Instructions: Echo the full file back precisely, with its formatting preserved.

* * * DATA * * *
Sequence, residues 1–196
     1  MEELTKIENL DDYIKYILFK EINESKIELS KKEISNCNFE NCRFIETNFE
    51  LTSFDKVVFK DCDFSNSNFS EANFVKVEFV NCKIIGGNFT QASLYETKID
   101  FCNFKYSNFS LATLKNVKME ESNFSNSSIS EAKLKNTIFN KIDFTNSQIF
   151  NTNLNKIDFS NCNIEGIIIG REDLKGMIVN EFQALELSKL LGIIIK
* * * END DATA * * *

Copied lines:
Sequence, residues 1–196
     1  MEELTKIENL DDYIKYILFK EINESKIELS KKEISNCNFE NCRFIETNFE
    51  LTSFDKVVFK DCDFSNSNFS EANFVKVEFV NCKIIGGNFT QASLYETKID
   101  FCNFKYSNFS LATLKNVKME ESNFSNSSIS EAKLKNTIFN KIDFTNSQIF
   151  NTNLNKIDFS NCNIEGIIIG REDLKGMIVN EFQALELSKL LGIIIK